5 January 2018
As the consultation is launched on a new Greater Norwich Local Plan, Green Party councillors are urging council leaders to learn from past failures and develop a plan that puts people’s health and quality of life first.
The new plan will cover Norwich, South Norfolk and Broadland, and will replace the existing Joint Core Strategy (JCS). It will decide how land in the area should be used, as well as establishing policies on issues such as air quality, transport and water management.
Green Party councillor Denise Carlo says the creation of a new plan offers an opportunity to focus on the needs of communities and the public health emergencies of air pollution and climate change.
“The Joint Core Strategy has failed,” she says. “In the last few years we have seen under-delivery of affordable housing and major loss of countryside and urban green spaces, with key brownfield sites like the Deal Ground and Anglia Square remaining undeveloped while playing fields and agricultural land are built on.”
Councillor Carlo also pointed out that despite JCS policies stating that a new ‘Bus Rapid Transit’ network would be developed and reliance on cars would be reduced, these results have not materialised. Instead, carbon emissions from transport in South Norfolk and Broadland are actually rising (1), while parts of Norwich suffer from illegal levels of air pollution. (2)
“All the policies in the JCS to create sustainable communities have fallen by the wayside,” she said. “The new document now out for consultation does not acknowledge this failure, and is written as if ‘business as usual’ will do just fine.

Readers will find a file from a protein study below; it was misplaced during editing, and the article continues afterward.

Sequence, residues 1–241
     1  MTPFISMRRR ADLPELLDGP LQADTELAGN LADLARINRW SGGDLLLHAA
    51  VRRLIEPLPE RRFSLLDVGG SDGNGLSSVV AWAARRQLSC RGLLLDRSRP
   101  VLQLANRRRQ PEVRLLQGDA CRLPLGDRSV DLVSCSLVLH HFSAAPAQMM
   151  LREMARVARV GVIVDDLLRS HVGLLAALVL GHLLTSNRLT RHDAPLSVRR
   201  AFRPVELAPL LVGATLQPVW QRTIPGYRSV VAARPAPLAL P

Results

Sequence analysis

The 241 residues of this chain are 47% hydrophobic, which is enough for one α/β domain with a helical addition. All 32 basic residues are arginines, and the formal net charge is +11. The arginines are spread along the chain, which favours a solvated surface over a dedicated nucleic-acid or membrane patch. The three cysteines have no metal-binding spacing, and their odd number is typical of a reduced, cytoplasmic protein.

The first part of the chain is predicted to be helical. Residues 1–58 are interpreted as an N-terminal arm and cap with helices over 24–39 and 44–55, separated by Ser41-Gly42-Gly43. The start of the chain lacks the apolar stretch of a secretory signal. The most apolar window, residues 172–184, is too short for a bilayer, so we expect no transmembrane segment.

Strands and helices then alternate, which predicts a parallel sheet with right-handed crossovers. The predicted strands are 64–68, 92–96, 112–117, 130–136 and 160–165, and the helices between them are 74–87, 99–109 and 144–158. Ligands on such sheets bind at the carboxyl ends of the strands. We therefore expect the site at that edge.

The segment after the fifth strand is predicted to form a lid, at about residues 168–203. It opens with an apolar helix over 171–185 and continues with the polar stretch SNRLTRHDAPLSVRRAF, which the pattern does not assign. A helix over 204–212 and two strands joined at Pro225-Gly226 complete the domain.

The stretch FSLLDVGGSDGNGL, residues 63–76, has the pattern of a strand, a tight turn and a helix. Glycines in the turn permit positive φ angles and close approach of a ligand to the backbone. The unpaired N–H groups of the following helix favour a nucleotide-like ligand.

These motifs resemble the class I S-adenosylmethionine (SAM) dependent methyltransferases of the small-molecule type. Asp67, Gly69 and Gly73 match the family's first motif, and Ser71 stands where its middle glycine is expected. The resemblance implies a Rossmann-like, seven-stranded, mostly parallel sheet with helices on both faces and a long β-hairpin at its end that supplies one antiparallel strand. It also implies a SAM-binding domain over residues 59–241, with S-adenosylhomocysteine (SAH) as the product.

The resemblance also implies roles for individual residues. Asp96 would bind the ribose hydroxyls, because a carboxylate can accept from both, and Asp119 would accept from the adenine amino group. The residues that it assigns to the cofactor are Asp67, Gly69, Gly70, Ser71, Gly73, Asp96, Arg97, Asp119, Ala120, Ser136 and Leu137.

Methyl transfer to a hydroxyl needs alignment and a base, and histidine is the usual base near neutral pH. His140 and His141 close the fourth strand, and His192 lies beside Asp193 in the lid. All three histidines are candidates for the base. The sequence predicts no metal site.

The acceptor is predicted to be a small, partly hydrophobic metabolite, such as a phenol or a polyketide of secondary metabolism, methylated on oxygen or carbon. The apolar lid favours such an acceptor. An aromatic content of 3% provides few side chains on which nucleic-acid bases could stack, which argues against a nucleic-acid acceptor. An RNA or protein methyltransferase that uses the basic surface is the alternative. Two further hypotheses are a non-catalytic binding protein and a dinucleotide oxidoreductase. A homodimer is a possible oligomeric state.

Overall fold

“It does not even begin to address the reality of climate change and the scale of the action required to meet our legal obligations on carbon emissions and deal with the huge threats we face.
“The Green Party wants to see health and wellbeing at the heart of this plan. That means action on the climate crisis. It means affordable, energy efficient housing, in locations close to jobs and services; safe streets and properly funded public transport; and protection for nature and green spaces.
“I would urge everyone to get involved, respond to the consultation and show that people do care about these issues.”
The consultation on the draft Greater Norwich Local Plan runs from 8th January until 15th March.
1. See data tables for Local and Regional Carbon Dioxide Emissions Estimates for 2005 – 2015 for the UK compiled by the National Atmospheric Emissions Inventory.
The figures for South Norfolk showed a sharp increase in KT CO2 in 2015, with levels reverting back to 2009 emissions.
2. According to the latest published figures, from 2015. https://www.norwich.gov.uk/downloads/file/3685/2016_air_quailty_annual_status_report